In the next installment of his new blog on Soundspheremag.com, Rich Fownes (Bad For Lazarus, Eighties Matchbox B-Line Disaster and UNKLE) Investigates…how gangster rap has aged.
As a child I always noticed how formally my elders seemed to dress. Naturally I assumed that when I got old myself, I too would adopt a plain, well pressed shirt (with optional tie) and corduroy trousers. Now I am approaching my own middle age and I cannot see when, or why, that switch would be made. As I look around me I see the first generation of hip sixty-somethings, sporting well-cut jeans and immaculate pairs of Nike’s. These are no longer the earmarks of alternative, youth culture. After all, the young, forward-thinking revolutionaries of the 60s and 70s are growing their wrinkles while I type. But what are the artistic implications of this?
Within music it is increasingly easy to cite rock ‘n’ rollers that have aged gracefully and even, occasionally, dangerously. Nick Cave’s recent outings pack as much lyrical weight and venom as they ever did. Iggy Pop is still yelping, punching and crowd surfing his way through high-energy gigs. Mick Jagger is still…around as well.
When we look to gangster rap, a notoriously violent and aggressive breed of street poetry, how will these artists fare in their autumn years? After all, most rock artist’s sentiments may swing from introspection to anarchistic manifestos, but you either get them, or you don’t. They are intended as timeless messages, and words of wisdom.
The same cannot be said for gangster rap though. It is possibly the most ideologically specific of genres. After all, if you are not rapping about being a gangster how can you still align yourself with that scene? Surely this is a conundrum that an aging artist faces when violent threats, playful misogyny and shameless boasting just don’t ring true any more. How can you be angry and comfortable at the same time?
Born out of the late 1980s, we are finally getting our first glimpse of how some original artists are approaching this complicated mixture of values. As we are all painfully aware, this genre has lost more than its fair share of trailblazers. The perception that the genre was a pantomime of sorts may have been wishful thinking. Many have fallen foul to the original gangster cliché: the bosses end up dead or in jail. We will never see how, or indeed, whether Tupac Shakur, Eazy E or Notorious B.I.G. addressed their aging careers.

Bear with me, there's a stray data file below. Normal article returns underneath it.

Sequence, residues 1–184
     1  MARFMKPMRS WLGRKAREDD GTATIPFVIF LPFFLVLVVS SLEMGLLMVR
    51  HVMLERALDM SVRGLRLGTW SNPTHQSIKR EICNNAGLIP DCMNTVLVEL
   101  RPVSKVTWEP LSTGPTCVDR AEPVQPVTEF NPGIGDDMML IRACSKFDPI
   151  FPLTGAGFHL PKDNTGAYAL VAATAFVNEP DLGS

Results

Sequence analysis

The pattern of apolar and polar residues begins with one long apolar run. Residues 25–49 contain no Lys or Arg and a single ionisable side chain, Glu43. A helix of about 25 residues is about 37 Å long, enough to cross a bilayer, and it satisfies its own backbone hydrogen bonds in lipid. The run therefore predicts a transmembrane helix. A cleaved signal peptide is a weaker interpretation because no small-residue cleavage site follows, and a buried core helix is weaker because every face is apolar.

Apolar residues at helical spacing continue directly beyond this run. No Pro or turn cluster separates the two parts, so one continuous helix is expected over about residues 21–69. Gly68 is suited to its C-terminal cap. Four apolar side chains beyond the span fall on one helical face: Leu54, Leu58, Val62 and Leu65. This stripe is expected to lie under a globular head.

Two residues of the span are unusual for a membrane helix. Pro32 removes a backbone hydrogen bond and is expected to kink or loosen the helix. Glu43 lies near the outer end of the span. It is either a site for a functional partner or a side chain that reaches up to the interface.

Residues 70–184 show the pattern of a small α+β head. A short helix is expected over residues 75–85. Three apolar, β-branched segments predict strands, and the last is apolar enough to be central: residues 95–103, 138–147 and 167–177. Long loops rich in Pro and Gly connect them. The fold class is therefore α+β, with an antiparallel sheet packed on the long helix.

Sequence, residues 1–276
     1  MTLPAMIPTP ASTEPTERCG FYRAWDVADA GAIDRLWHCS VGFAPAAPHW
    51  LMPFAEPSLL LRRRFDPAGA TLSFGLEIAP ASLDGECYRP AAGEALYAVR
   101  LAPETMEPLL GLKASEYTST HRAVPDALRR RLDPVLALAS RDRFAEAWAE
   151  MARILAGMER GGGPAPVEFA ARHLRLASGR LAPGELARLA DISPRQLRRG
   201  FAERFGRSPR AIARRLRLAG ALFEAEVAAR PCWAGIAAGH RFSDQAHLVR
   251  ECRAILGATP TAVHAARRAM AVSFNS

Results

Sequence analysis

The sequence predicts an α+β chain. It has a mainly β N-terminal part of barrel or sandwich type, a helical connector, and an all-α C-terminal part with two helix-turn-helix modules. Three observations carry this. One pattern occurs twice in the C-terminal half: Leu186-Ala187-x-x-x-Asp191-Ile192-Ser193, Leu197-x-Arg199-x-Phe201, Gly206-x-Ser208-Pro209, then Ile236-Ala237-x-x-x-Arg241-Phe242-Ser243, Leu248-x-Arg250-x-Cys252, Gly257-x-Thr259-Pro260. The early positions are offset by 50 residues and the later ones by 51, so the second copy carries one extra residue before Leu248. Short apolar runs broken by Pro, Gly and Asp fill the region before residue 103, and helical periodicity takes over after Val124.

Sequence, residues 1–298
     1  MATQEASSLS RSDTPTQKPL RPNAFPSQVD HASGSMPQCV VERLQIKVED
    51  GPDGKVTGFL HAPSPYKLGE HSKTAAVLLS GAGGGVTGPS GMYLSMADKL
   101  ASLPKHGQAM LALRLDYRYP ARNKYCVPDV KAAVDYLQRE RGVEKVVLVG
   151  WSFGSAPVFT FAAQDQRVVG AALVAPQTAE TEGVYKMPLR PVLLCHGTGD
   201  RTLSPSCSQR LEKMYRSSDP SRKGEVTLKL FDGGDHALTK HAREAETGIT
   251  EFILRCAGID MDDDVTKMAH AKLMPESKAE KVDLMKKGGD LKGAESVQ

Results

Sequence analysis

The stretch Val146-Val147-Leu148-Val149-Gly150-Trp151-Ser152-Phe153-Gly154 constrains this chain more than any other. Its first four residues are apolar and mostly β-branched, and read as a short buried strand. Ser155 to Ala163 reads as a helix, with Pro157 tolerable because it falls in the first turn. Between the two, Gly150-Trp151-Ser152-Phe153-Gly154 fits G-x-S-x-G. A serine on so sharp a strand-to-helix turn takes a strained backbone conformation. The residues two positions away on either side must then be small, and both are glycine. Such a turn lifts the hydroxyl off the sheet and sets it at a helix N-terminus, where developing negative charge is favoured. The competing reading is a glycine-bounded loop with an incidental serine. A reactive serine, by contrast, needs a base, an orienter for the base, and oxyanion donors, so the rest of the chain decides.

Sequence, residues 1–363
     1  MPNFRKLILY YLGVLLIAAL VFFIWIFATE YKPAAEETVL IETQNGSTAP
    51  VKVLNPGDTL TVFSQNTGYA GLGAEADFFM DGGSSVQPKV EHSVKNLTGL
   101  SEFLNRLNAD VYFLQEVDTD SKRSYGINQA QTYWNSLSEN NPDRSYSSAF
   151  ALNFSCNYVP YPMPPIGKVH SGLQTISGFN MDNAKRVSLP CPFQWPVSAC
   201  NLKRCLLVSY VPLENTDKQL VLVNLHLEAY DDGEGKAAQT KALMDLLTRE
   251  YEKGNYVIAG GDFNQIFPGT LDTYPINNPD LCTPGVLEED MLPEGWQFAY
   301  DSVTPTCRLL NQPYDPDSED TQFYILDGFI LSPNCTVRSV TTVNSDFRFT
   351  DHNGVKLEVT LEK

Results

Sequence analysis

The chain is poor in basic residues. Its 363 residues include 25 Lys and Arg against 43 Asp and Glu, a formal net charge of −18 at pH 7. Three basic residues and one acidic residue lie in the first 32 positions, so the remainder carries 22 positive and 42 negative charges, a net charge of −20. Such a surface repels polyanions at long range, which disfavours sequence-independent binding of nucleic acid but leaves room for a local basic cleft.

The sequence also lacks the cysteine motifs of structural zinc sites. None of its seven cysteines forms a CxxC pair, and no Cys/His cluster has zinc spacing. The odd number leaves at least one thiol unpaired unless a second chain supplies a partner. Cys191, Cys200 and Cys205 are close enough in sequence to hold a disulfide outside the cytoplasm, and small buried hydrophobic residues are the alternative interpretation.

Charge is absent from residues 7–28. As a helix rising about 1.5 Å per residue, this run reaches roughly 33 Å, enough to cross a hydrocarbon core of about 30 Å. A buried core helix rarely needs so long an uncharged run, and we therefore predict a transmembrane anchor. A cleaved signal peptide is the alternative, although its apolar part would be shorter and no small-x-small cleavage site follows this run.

Some are still alive, well and productive though. Snoop Dogg’s first release came in 1992, and those with a sense of humour will have always recognised that his tongue was firmly in his cheek. He never carried the political weight of N.W.A or Public Enemy and nor should he have. Snoop Dogg understood the dramatic, borderline thespian delivery of the genre and played up to it delightfully. Thus growing old has never been a contradiction. “Becky, and Vicky, beggin’ me to give them hickeys, through my Dickies” (2009’s ‘Upside Down’) is particularly amusing coming from a thirty eight year old, happily married, father of four.
Ice-T, a pioneer of gangster rap, has never faltered from his original, hard-nosed delivery. Now a legitimate actor as well, he has resolved this issue of remaining employable in his new market place, yet as credibly dangerous in his old one by taking a more journalistic lyrical slant. “This ain’t RNB, this is ‘Gangsta Rap’, bitches get smacked, bustas get jacked, Front if you want you get lay on your back It’s about guns and drugs and hoes and clubs” (2006’s ‘Gangsta Rap’).
As you can see, while as abrasive as ever, Ice-T has been careful to not directly align himself with the behaviours he is referring to. It’s a far cry from “I got my brain on hype. Tonight’ll be your night. I got this long-assed knife, and your neck looks just right.” (1992’s controversial ‘Cop Killer’). If Ice-T was still as aggressive now, nineteen years later, it would be hard to imagine him scoring the narrator role for last year’s Will Ferrel comedy ‘The Other Guys’. Ice-T may have been aggressive, violent and blunt, but he is definitely not stupid. He has found a clever route to appeasing his old disciples as much as the Hollywood movers and shakers, that so often demand something a little more watered down.
Conversely, Dr Dre has had to totally re-evaluate some of his ideologies. One wanders if ‘Bitches Ain’t Shit” (from 1992’s ‘The Chronic’) would have made the album cut if it had been conceived nine years later, after the birth of his first daughter, Truly. A typically angered, foul-mouthed performer when he was younger. Dr Dre was responsible for producing most of N.W.A’s work. The band most famous in this network for their banned single ‘Fuck The Police’. These days he steers away from any such politics, but hasn’t lost his bragging charms. Now though, he is instead bragging about very different matters. He is no longer boasting of his street-smarts, network of gangster friends or violent credentials: “Oh don’t think I forgot, let you slide, let me ride, just another homicide”. These days he seems to favour explaining how well his record label is doing, that he still enjoys smoking a lot of weed, and how much he likes Eminem, over general, and almost random, intimidation.
So is this gangster rap anymore? It sounds like gangster rap, and it even feels like gangster rap. But to maintain their new, family friendly ideologies (or for want of a better phrase “keep it real”) these old dogs have had to let some violent cornerstones of the genre drop by the way-side, but still find ways to maintain their aggressive delivery.
The next ten years will be interesting, watching these artists delve into their pension funds to afford those diamond rings. It begs the question: “If N.W.A. were to reform would they have to adapt to these ideological differences? Hands up who wants to hear three old men shouting in unison: “Fund The Police!!”?
Keep it unreal.